Gingered Jasmine Rice
Autumn vegetables are fairly predictable here in the Berkshires as farmers markets have an abundance of produce that coincidentally matches the colors of the changing leaves: bright orange and yellow pumpkins, winter squash, gourds and potatoes. But every so often you stumble upon a surprise! At the Litchfield Farmers Market a couple weeks ago I purchased locally grown organic ginger. This tropical Asian root loves a long hot growing season and so I never expected to find it in a local market. Wild Carrot Farm was selling ginger roots as well as the stems which resembled a thin corn stalk with a delicate ginger flavor, perfect for tea or infusions. The ginger roots had not had time to develop the usual bumpy brown skins and were a beautiful shade of pink and white with a very tender skin. I purchased the biggest bunch I could find – they freeze well and would keep me with a good supply of fresh ginger throughout the winter.
I’ve never used ginger stalks before so I decided to try them out in a simple recipe with fragrant jasmine rice. I removed the leaves and cut the ginger stalks into 3-inch lengths then slit them lengthwise. I put the stalks in a pot with 2 cups jasmine rice and 2 ½ cups water. The rice simmered for about 15 minutes and had a delicate ginger scent. The ginger stalks had all floated to the top of the rice, so they were easy to remove before serving.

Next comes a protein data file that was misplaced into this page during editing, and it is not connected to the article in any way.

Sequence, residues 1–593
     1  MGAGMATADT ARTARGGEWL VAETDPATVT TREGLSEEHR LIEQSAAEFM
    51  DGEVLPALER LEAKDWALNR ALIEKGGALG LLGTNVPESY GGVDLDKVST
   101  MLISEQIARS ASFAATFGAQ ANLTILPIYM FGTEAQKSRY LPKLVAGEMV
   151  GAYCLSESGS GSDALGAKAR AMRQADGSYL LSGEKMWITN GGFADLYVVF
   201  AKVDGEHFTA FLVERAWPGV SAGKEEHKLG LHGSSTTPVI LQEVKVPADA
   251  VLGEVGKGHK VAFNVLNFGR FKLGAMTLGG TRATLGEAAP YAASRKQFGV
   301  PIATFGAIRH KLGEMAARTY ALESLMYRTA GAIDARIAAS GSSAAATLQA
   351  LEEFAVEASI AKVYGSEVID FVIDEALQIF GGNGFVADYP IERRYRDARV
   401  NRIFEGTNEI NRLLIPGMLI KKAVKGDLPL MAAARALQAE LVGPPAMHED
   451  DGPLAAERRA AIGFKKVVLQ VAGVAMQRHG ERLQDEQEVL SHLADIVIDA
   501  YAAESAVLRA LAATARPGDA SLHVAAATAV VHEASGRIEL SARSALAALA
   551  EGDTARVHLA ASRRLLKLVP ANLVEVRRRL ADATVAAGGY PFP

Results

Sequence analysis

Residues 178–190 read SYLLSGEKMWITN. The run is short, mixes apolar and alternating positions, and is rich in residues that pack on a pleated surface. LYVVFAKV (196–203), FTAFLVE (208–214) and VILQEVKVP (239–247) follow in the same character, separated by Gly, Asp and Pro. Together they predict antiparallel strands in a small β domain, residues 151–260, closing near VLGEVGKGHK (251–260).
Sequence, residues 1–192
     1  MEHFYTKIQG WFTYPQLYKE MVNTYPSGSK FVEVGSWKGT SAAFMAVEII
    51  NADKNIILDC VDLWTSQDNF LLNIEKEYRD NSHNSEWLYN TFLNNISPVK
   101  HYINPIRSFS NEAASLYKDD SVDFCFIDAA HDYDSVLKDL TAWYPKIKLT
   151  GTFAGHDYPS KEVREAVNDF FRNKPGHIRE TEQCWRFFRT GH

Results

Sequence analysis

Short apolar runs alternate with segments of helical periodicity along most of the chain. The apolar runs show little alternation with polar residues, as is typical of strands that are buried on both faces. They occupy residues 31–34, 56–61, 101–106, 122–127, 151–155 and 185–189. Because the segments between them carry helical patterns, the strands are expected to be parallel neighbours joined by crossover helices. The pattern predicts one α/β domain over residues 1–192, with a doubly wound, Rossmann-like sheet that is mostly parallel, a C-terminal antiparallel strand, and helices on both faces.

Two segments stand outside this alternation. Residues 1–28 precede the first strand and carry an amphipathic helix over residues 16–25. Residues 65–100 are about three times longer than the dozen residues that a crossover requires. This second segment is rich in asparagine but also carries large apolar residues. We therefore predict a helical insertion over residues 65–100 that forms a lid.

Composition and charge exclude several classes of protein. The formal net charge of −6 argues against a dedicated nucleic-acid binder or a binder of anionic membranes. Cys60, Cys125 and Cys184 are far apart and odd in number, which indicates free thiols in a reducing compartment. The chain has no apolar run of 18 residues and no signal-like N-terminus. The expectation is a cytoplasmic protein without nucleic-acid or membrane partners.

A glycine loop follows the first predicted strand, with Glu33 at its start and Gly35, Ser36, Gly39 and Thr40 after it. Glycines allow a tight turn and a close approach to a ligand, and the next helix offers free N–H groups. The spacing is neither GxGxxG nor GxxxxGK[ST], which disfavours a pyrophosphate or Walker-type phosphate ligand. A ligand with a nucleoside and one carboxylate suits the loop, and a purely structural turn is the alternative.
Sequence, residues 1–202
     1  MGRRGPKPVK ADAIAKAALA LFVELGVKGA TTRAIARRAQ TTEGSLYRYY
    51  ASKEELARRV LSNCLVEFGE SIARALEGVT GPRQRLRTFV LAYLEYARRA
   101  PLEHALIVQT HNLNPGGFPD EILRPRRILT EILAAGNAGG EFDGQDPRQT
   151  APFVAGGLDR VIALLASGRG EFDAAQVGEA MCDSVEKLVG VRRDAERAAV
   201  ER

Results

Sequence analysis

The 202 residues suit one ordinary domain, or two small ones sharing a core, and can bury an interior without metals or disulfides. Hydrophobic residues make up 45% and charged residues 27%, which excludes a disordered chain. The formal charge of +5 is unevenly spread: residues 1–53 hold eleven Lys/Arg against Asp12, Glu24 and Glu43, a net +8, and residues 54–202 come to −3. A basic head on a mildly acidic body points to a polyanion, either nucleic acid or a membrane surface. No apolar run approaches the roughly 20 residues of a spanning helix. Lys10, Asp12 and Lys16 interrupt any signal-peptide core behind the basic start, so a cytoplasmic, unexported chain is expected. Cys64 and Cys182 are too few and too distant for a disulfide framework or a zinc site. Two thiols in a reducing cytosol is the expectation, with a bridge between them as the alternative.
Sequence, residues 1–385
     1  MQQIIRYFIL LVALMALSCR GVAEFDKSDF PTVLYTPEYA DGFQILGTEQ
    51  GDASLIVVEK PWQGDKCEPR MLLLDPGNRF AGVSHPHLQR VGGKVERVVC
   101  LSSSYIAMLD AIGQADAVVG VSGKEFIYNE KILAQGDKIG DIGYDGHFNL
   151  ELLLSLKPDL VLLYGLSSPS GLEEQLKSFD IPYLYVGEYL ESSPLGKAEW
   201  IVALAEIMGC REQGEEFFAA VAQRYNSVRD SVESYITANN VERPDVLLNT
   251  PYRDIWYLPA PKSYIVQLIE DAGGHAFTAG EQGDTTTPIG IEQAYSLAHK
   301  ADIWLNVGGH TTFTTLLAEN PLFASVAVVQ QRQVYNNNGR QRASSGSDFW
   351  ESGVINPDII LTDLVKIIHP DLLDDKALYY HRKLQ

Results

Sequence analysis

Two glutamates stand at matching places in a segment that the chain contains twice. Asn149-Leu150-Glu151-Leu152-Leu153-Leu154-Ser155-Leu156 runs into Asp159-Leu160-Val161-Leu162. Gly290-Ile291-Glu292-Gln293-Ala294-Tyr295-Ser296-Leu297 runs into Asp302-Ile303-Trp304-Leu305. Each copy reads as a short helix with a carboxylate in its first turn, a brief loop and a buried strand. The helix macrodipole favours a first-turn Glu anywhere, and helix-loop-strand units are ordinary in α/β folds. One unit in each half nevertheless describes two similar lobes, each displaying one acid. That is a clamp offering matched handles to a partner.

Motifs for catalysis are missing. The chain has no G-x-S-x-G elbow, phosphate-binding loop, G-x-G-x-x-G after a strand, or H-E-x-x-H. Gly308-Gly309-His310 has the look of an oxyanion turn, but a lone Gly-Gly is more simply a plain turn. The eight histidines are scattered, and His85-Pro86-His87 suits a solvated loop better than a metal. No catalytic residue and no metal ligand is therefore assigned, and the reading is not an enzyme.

Although you might not be able to find the full ginger plants - roots and stalks - in local markets, you can easily adapt the recipe to use readily available fresh ginger roots which have been peeled and grated. Store any leftover ginger in a Ziploc bag in the freezer. Just be aware that when you use frozen ginger do not thaw it before peeling and grating or it will get mushy. You can grate it while frozen or, if you do let it thaw, then squeeze the ginger and use the liquid in place of grated ginger.
GINGERED JASMINE RICE
2½ cups water
2 tablespoons peeled and grated fresh ginger root
2 cups jasmine rice
Place the water and grated ginger into a medium saucepan and bring to a boil. Stir in the rice, cover the pot and reduce the heat to low. Simmer for 15 minutes until most of the water is absorbed. Remove the pan from the heat and let the rice stay covered for another 5 minutes. Gently fluff with a fork before serving.
A nice variation on this recipe is to add 1 tablespoon of lightly crushed fennel seeds along with the grated ginger.